Thankfully, at the same time that Instagram brought in advertising, they also brought in a way to shape your ad experience, using well-honed lessons from what went right for Facebook.
Shaping My Ad Experience
Most of the time, online advertising is entirely outside of your control. The types of ads that show up aren’t up to you so much as they’re up to the advertising agencies or owners of a particular website, which means that it’s a hit-or-miss chance (usually miss) that you might actually be interested in what the ad is selling in the first place.
It’s not hard to see why such ire has built up towards the online ad industry.
Instagram and Facebook are in a unique position, however. Whereas many other websites have only limited access to your aggregate activity online, these social media entities actually have quite a few avenues to find out the things that you actually like. When you last saw an advertisement on Instagram or Facebook, was it at least tangentially related to your own interests?
Because you feature, share, and link to so many of your interests on social media platforms, Facebook is able to pull together a fairly accurate representation of what might appeal to you. The advertisements that it plays host to are sorted categorically, and then showed to the people that are most likely to be interested in them, based on the information that they’ve given over social media (and other third-party applications with ties to Facebook.)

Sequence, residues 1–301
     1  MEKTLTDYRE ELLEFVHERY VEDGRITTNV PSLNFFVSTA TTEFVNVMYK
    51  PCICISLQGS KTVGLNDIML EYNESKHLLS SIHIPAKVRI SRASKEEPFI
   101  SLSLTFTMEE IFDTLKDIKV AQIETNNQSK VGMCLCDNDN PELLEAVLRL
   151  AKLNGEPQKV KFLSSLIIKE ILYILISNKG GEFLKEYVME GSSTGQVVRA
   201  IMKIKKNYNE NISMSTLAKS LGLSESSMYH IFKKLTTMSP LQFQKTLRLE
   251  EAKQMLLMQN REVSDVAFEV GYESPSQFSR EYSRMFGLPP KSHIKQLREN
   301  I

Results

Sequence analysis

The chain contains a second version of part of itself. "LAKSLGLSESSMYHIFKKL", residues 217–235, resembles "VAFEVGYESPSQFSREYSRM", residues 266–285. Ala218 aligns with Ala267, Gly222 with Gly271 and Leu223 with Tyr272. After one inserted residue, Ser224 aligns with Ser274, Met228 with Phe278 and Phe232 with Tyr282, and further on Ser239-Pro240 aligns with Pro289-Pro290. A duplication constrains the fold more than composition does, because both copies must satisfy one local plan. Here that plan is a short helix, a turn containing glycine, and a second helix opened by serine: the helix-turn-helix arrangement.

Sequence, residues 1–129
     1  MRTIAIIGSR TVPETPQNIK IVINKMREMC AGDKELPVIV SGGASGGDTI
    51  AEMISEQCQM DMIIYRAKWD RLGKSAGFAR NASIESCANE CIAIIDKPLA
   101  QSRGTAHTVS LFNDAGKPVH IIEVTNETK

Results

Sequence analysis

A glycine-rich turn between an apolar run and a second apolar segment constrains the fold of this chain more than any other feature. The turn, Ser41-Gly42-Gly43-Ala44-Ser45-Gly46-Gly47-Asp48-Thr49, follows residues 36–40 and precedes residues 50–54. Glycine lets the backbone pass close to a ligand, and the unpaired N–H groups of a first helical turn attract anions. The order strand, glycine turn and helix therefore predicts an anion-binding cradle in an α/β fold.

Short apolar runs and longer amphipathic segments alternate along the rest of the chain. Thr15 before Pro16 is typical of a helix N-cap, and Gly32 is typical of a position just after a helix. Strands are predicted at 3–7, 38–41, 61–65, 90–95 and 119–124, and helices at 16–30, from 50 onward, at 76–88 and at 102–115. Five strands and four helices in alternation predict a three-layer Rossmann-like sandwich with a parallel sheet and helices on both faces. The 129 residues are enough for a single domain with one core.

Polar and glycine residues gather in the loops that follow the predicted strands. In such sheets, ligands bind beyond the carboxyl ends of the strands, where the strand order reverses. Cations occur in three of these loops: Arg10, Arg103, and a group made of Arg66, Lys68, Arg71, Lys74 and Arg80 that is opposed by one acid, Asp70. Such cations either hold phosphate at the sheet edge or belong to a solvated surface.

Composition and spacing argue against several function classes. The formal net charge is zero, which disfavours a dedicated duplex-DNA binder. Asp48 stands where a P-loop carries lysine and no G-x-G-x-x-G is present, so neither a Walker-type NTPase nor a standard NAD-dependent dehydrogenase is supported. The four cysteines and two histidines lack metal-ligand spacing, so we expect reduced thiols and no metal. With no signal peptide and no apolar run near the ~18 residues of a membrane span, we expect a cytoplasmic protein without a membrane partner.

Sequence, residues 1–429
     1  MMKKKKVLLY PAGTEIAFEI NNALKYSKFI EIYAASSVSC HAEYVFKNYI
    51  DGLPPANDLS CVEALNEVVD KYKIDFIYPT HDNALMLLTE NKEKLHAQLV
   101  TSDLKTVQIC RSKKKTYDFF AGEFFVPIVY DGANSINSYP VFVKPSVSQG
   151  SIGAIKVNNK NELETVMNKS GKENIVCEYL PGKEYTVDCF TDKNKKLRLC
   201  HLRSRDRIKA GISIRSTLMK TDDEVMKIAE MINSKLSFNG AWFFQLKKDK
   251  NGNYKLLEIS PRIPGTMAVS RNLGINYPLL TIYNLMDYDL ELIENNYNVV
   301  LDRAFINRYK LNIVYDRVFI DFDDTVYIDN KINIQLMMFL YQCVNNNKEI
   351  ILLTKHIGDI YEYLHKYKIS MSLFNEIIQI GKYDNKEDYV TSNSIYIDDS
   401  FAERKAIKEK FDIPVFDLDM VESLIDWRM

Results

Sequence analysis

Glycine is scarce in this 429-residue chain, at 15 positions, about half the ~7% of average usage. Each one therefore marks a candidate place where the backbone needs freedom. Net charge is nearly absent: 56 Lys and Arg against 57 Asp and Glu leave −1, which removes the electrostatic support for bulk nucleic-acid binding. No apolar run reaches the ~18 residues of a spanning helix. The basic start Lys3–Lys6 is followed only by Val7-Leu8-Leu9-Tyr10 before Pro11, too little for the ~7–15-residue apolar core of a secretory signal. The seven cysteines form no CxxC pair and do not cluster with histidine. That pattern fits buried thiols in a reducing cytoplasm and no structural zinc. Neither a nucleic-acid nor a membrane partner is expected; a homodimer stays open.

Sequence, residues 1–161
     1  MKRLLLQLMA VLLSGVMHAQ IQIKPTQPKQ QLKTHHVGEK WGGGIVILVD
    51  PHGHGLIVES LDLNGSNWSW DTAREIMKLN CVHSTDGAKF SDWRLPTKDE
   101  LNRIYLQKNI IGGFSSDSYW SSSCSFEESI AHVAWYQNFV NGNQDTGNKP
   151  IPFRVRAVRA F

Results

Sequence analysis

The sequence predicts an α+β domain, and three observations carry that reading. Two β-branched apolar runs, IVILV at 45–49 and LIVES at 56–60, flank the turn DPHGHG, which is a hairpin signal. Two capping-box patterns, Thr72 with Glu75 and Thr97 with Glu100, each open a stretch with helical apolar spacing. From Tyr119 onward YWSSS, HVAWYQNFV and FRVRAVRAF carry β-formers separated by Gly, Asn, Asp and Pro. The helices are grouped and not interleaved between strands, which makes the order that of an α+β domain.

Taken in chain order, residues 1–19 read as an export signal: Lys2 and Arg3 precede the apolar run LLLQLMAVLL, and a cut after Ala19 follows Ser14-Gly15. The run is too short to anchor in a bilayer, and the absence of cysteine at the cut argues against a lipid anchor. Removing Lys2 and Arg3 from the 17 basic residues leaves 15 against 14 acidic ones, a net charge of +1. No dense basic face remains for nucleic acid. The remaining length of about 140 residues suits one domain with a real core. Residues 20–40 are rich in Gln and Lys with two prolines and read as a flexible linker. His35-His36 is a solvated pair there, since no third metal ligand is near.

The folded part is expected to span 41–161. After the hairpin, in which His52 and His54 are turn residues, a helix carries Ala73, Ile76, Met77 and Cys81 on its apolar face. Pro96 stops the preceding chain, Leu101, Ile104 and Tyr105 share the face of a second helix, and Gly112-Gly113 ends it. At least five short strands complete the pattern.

It doesn’t end there, either. Even though advertisements on Facebook and Instagram have a pretty good chance of being at least related to your expressed interests, there’s always a chance that they’re not, and you end up with something grossly not you stuck in the middle of your feed. If it’s bugging you, then tap at the top-right corner of the add, and select the Hide This option.
Can I Block Instagram Ads?
When you’re browsing online, blocking advertisements isn’t particularly difficult to do. Third-party services like Adblocker do a fairly good job of keeping your browsing ad-free, in spite of the cumulative harm that this sort of behavior might inflict on those websites’ profitability and success.